Diabetes Awareness: Decreasing Your Risk
Welcome to Doctors’ Notes, our newest contribution from Urban Health correspondents and husband and wife physicians Dr. Rob and Dr. Karla Robinson. The dynamic duo will be fielding questions about health, as it relates to African Americans. Please feel free to send them questions via email@example.com. We promise to keep it anonymous.
What do Sherri Shepherd, Angie Stone, Anthony Anderson, Halle Berry, and Phife Dawg all have in common? They were all diagnosed with diabetes. While we may know these celebrities living with diabetes by name, it is important to realize that diabetes affects 1 out of every 5 adults in our community. That means all of us personally knows someone living with diabetes, whether we realize it or not. Whether they realize it or not. November is American Diabetes Month and what better time than this to bring awareness to a disease that many in our community are living with but have no idea they have it.
Dr. Rob says:
Diabetes is generally broken down into two forms, Type 1 diabetes and Type 2 diabetes. Type 1 diabetes is characterized by a loss of the body’s ability to produce its own insulin to regulate the blood sugar. As a result, insulin must be administered daily to keep blood sugars from rising to dangerously high levels. In type 2 diabetes, some insulin is still being produced in the body, but there is either not enough being produced, or the body is unable to effectively use that insulin to keep the blood sugars in normal range. This form of diabetes is much more common, and can be treated in a variety of ways from diet and lifestyle changes to oral medication, to injections aimed at keeping the blood sugars from rising.
The danger with both forms of diabetes exists when the body’s blood sugars remain at high levels and can occur when the disease goes undiagnosed, untreated, or poorly controlled. This can lead to devastating complications such as heart disease, stroke, nerve damage, kidney disease, blindness and amputations. Diabetes will often times develop gradually with very little symptoms. When present, symptoms of diabetes may include fatigue, increased thirst, frequent urination, weight loss and blurry vision. These symptoms are often vague, and as a result may go unchecked for many months or years.
Men can also experience erectile dysfunction as a symptom of uncontrolled blood sugars. As in other parts of the body, nerve and blood vessel damage from untreated diabetes can also make sexual performance difficult. This will often prompt men to make a visit to the doctor, only to find that undiagnosed diabetes is as the root of the issue.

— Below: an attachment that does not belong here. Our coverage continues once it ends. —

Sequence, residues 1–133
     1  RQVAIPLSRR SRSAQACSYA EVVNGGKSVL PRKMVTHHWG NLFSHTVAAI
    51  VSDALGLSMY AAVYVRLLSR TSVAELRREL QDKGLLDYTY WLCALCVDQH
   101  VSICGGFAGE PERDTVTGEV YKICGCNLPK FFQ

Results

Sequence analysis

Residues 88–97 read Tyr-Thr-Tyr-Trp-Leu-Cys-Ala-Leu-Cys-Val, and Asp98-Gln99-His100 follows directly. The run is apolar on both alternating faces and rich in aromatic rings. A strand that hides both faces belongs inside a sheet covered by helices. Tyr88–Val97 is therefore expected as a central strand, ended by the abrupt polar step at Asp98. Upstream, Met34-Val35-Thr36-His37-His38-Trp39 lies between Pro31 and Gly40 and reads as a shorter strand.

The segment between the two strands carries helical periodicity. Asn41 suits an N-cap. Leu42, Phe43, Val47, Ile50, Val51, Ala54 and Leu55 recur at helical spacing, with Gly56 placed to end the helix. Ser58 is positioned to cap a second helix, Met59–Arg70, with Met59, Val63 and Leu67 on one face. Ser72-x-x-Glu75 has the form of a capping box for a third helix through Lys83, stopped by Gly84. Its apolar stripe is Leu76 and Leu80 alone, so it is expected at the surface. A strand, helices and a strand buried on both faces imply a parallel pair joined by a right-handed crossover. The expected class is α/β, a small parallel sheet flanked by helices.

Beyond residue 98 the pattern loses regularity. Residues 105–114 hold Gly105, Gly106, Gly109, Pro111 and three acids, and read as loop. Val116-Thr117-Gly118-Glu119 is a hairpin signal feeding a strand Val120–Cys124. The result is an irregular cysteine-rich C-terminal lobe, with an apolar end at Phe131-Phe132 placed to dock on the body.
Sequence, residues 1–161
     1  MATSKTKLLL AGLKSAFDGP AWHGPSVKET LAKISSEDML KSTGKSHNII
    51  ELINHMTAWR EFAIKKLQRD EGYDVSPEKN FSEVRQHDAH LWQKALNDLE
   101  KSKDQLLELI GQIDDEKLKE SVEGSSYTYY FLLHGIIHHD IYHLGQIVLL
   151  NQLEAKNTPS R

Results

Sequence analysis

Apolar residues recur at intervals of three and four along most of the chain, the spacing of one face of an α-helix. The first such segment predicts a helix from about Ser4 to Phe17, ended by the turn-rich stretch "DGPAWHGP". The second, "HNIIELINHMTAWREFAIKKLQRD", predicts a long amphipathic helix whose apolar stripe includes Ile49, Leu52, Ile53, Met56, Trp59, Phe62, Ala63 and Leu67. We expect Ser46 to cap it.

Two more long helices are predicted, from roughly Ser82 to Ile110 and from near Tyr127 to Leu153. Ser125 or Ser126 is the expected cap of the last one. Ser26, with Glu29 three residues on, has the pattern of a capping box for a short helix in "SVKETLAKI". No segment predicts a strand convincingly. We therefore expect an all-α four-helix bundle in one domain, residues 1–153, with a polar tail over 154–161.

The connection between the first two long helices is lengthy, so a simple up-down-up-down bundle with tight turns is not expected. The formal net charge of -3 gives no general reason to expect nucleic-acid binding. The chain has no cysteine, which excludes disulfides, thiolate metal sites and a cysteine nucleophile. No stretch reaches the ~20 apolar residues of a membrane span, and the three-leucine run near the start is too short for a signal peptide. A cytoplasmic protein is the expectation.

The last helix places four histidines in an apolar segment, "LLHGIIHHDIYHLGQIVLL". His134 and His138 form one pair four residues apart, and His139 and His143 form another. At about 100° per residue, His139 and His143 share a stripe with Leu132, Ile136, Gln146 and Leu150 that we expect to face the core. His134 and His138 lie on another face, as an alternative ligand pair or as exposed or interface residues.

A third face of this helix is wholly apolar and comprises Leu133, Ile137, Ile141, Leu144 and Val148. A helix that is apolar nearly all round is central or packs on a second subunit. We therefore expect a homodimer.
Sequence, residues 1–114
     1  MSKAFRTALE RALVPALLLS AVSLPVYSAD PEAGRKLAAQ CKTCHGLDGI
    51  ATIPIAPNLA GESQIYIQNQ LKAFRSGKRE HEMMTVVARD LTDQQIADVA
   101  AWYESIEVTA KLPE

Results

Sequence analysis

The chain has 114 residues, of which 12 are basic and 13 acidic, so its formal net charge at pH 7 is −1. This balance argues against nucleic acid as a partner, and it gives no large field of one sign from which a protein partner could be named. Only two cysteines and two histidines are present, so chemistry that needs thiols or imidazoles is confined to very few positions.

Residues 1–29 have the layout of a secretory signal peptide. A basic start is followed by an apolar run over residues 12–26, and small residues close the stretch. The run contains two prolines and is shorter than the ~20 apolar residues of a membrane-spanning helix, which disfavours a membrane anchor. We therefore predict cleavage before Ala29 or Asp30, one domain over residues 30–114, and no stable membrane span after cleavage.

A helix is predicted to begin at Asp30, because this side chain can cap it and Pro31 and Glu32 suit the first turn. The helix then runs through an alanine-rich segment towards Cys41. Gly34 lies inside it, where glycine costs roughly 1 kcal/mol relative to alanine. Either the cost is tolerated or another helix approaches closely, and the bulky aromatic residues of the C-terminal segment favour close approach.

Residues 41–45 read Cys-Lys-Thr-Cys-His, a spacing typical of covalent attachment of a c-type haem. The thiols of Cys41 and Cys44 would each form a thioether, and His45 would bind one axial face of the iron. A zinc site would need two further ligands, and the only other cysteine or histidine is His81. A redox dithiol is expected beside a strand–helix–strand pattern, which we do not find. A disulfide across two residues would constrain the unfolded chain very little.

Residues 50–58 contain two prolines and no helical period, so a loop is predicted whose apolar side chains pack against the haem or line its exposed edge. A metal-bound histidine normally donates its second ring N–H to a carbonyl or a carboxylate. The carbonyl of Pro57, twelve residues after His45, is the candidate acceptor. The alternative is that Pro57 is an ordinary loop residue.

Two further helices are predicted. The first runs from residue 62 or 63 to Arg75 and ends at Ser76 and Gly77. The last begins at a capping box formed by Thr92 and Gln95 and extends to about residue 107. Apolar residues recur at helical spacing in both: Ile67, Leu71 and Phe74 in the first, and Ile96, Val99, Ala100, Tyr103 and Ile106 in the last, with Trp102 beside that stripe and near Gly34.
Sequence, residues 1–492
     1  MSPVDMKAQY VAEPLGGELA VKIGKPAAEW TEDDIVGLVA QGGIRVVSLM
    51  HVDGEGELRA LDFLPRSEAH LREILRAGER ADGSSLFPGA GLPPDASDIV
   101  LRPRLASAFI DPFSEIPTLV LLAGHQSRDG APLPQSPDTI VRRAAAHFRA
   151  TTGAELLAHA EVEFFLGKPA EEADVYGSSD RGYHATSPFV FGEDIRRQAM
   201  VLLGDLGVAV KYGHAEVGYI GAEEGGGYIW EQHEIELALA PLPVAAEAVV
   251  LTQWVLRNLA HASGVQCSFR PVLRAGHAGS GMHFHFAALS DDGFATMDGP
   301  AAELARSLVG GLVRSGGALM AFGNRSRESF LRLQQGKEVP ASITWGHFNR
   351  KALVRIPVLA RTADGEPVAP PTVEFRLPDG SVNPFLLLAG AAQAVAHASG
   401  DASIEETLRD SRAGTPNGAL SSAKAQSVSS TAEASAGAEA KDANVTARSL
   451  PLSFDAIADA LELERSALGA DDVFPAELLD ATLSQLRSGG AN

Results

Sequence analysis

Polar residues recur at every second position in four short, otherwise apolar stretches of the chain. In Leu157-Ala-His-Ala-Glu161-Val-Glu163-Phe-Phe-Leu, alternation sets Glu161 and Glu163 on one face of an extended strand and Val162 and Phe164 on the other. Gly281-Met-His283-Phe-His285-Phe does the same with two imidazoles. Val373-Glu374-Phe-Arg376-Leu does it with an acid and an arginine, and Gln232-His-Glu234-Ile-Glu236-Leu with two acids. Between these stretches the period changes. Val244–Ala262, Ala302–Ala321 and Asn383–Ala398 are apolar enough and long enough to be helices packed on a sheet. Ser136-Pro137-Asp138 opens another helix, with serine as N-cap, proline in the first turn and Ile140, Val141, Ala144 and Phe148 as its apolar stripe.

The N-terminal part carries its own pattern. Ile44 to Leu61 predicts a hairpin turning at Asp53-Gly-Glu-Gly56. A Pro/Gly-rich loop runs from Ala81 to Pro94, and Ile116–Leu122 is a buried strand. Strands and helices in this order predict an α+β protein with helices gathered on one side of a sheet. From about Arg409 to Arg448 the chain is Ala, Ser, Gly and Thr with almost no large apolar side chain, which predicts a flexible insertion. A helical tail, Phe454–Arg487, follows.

Dr. Karla says:
Unfortunately as Blacks we are two times more likely to develop Type 2 diabetes than other groups. As women, we are then at an even greater risk of death from diabetes related complications. That’s why screening, early diagnosis, and treatment are so important.
There are a number of risk factors associated with developing diabetes. Those with a family history of diabetes are at increased risk, as well as those struggling with obesity, lack of exercise, cigarettes, alcohol use, lack of sleep, and consuming diets high in fat and processed foods. As a result, diet, exercise, and lifestyle changes are a mainstay in not only the treatment for this disease but also in prevention.
Diabetes is highly treatable and in many cases reversible once it is diagnosed. I’m living proof. After being diagnosed with diabetes as a teenager, and living with it for almost 20 years, I am blessed to say I am now free from all medication and insulin injections! After much prayer and hard work and dedication, my diet, lifestyle, and exercise routine allow me to live a life free from diabetes and its complications. If I can do it….anybody can do it!
In addition to the 26 million people in this country living with diabetes, is estimated that an additional 1 in 3 are “prediabetic” or at great risk of developing the disease. Here are a few quick tips for us all to raise our diabetes awareness this month:
Get screened. If you have any of the risk factors of developing diabetes, visit your doctor. Knowing is half the battle. You can’t treat what you don’t know you have. If you don’t have it, there are steps you can take NOW to make sure you DON’T develop it.
Upgrade your diet. Start reducing the amount of fats, processed foods, and sugars in your diet. These have all been linked to developing diabetes and other health issues. Choose lean meats, and low fat items instead.
Keep the weight down. Obesity is a huge risk factor for developing many chronic diseases, including diabetes. Studies show that a small amount of weight loss- even just 5 percent of total body weight (that’s 10lbs in a 200lb person) can prevent the onset of diabetes.
Move your body. Incorporating 30-45 minutes a day of exercise can prevent the development of diabetes and help keep the blood sugars under control in those previously diagnosed. It’s worth it.
It’s a health thing…we’ve got to understand!
About the Doctors:
Dr. Karla and Dr. Rob are the founders of Urban Housecall Magazineand host the Urban Housecall Radio Show. For more from the doctors, visit their website at www.urbanhousecallmagazine.com, like them on Facebook UrbanHousecallMagazine, and follow them on twitter @urbanhousecall!